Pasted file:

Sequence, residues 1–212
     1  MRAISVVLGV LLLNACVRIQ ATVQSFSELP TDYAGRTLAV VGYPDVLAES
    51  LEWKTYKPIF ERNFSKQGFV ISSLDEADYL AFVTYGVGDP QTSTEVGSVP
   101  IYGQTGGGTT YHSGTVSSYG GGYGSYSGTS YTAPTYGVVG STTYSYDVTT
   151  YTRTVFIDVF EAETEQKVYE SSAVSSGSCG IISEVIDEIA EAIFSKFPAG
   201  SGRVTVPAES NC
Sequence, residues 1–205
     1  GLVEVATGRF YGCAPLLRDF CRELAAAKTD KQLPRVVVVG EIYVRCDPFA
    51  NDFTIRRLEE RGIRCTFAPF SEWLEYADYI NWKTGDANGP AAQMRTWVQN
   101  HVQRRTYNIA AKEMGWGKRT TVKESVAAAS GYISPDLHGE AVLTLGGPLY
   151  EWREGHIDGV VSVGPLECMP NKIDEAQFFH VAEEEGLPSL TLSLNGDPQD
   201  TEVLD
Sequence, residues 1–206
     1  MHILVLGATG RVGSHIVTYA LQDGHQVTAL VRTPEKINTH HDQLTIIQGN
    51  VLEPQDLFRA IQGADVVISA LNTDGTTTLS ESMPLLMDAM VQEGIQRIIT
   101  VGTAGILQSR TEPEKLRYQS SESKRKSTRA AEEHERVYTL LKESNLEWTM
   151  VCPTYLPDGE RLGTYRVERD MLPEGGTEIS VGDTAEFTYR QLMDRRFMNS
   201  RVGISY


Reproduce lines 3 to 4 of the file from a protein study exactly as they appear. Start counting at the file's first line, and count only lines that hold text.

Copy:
    51  LEWKTYKPIF ERNFSKQGFV ISSLDEADYL AFVTYGVGDP QTSTEVGSVP
   101  IYGQTGGGTT YHSGTVSSYG GGYGSYSGTS YTAPTYGVVG STTYSYDVTT